Newspaper printing around the world has slowed down or even ceased to exist for some publications, but why? What happened to the daily ritual of reading print and what does the future hold for in-depth publications?
During the summer, no matter where I went, I noticed that there were hardly any newsstands. I remember newspapers being a staple of my grandparents’ mornings, along with coffee and breakfast. At the time, I was only interested in comic books and compelling headlines. Newspapers had a way of uniting people without having to say much. These days I can only yearn for the quick mix of adults who never forgot to grab the paper while rushing to work and wish I had adapted it as part of my coming of age adult.
Not only are the newsstands rare, but those that remain are filthy and decrepit, as if they’ve been neglected for years. The most reasonable explanation for the decline of newsstands would be the development of technology and social media. Publications that have been in print for over a hundred years now publish digital versions of the newspaper online and stop printing.
Most publications now only print on certain days, meaning there are no more Saturday morning papers. This is largely due to Gannett, a mass media company responsible for publishing operations in the United States. They recently announced changes to their organization that will reduce more than 42 well-received publications, such as USA Today, to newspapers only a few times a week. Unfortunately, publications such as the Kingston Reporter and the Country Gazette have stopped printing publications altogether. Since the pandemic, newspaper printing has declined rapidly, with deliveries slowing and journalists being laid off, leading readers to switch to digital publications.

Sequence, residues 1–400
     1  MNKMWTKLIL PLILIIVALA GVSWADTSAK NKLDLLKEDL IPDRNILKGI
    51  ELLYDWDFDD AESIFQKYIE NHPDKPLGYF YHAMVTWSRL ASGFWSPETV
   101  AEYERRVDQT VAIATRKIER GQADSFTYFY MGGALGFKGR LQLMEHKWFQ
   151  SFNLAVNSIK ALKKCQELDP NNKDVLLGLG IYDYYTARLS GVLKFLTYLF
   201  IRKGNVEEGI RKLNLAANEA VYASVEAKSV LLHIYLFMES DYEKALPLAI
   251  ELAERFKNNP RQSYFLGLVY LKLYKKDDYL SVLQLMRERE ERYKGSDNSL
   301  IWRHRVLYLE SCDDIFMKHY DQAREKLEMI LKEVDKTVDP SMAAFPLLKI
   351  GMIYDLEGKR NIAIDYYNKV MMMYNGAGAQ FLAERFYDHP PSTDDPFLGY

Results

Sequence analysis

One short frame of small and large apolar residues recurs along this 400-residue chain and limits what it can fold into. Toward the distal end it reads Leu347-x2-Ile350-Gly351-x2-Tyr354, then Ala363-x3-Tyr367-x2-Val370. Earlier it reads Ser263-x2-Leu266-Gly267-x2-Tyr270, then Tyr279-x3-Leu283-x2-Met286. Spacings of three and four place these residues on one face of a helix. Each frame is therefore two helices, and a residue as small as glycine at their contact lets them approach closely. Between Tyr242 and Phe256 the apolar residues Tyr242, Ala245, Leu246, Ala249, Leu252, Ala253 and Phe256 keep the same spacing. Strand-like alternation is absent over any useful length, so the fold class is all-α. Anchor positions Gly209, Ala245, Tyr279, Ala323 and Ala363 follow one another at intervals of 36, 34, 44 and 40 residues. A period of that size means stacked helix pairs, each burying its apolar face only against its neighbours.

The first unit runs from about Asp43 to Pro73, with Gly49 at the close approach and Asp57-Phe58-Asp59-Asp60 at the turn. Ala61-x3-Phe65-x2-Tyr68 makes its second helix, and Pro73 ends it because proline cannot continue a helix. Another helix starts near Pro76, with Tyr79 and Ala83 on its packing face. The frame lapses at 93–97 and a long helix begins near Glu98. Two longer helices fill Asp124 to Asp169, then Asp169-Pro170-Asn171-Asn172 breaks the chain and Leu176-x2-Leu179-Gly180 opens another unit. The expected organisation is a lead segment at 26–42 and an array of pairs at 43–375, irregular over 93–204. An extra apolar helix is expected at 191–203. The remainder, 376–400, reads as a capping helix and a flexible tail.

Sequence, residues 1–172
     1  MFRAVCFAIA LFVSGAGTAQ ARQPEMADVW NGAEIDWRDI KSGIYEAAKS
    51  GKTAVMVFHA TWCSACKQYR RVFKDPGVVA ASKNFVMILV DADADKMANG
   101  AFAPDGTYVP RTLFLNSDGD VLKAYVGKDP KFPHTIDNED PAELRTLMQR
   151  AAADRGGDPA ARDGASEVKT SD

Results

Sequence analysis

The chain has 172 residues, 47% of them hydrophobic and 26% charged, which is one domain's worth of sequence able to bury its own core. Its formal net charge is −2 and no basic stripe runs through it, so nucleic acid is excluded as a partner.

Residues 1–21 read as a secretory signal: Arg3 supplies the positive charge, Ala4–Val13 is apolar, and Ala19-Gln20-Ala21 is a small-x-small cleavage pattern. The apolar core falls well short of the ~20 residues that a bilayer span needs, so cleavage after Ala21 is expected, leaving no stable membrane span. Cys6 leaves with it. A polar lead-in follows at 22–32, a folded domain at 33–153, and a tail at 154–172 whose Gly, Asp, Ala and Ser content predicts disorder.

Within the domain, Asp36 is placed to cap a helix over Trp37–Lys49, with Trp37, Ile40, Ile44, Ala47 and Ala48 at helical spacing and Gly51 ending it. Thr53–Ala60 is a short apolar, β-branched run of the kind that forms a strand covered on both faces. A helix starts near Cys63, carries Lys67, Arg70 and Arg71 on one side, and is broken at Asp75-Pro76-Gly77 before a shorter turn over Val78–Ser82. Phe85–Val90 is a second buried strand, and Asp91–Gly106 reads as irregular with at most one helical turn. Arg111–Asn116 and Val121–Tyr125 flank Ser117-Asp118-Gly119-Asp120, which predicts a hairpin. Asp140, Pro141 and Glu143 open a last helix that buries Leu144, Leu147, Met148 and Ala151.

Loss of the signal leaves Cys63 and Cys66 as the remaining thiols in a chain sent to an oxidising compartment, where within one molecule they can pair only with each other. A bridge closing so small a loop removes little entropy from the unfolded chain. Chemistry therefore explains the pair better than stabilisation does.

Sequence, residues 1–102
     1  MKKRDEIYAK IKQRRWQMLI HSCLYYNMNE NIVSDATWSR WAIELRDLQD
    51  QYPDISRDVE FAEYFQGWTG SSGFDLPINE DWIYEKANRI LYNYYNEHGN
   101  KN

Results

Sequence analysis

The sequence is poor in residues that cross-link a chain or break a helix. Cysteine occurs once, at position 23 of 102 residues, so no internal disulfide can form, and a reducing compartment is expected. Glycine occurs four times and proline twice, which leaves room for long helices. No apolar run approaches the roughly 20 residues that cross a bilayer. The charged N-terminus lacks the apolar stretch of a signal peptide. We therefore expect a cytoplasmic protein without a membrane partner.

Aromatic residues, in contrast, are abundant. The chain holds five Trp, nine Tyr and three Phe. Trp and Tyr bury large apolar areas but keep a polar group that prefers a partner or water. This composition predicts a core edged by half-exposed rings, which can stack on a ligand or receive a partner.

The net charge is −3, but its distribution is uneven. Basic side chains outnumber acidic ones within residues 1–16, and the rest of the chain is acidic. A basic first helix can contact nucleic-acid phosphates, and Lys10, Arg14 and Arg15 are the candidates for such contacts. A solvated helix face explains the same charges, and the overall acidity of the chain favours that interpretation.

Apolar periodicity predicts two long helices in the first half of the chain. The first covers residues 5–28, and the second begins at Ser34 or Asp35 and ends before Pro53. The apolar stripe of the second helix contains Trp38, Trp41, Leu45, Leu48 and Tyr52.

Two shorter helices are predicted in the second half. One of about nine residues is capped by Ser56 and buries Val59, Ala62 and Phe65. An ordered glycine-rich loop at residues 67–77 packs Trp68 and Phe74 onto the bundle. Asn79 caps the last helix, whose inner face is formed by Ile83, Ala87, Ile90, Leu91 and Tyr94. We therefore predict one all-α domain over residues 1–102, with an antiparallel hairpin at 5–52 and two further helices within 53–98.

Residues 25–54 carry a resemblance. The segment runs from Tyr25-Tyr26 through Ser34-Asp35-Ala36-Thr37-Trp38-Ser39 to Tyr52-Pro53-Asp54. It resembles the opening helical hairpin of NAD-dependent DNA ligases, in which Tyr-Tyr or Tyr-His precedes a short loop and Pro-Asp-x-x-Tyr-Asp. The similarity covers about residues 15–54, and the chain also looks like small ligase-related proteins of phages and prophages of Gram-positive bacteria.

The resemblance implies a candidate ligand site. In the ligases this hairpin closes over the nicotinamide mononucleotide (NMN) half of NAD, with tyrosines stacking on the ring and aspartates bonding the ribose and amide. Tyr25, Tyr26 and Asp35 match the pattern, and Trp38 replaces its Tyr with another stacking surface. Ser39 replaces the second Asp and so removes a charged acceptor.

Like most families, parents and children decorated the dining room with the morning paper: the mother read the chronicles and the way of life; the father read the sports, politics or business section; and children read comics. Newspapers were a way to reach a wider audience at a faster pace with front-page headlines, editorials, and advertisements. You might even notice later that someone has circled an ad or cut out a recipe clipping. That said, these posts have become a prominent pastime for creating momentum that binds an entire household and sparking discussions that allow individuals to learn from each other. Philosophers predicted that prints would have been eradicated decades ago, but these old-fashioned traditions are part of American culture and should be considered physical artifacts.
Many factors have led to print and publishing declining to some extent: namely, print costs and inflation, as well as lower reader engagement as technology and social media progress. However, a major concern is for those who are unable to adapt to rapid changes in publications. Older, less technologically savvy generations have a hard time understanding smart devices, let alone the internet. Generally, more mature people are less inclined to keep up with modern times. Additionally, there may not be resources available to make the transition to the eReader accessible. Newspapers have become an established custom from one generation to the next and must remain an indispensable tool for receiving critical information in an accessible way and keeping abreast of current events.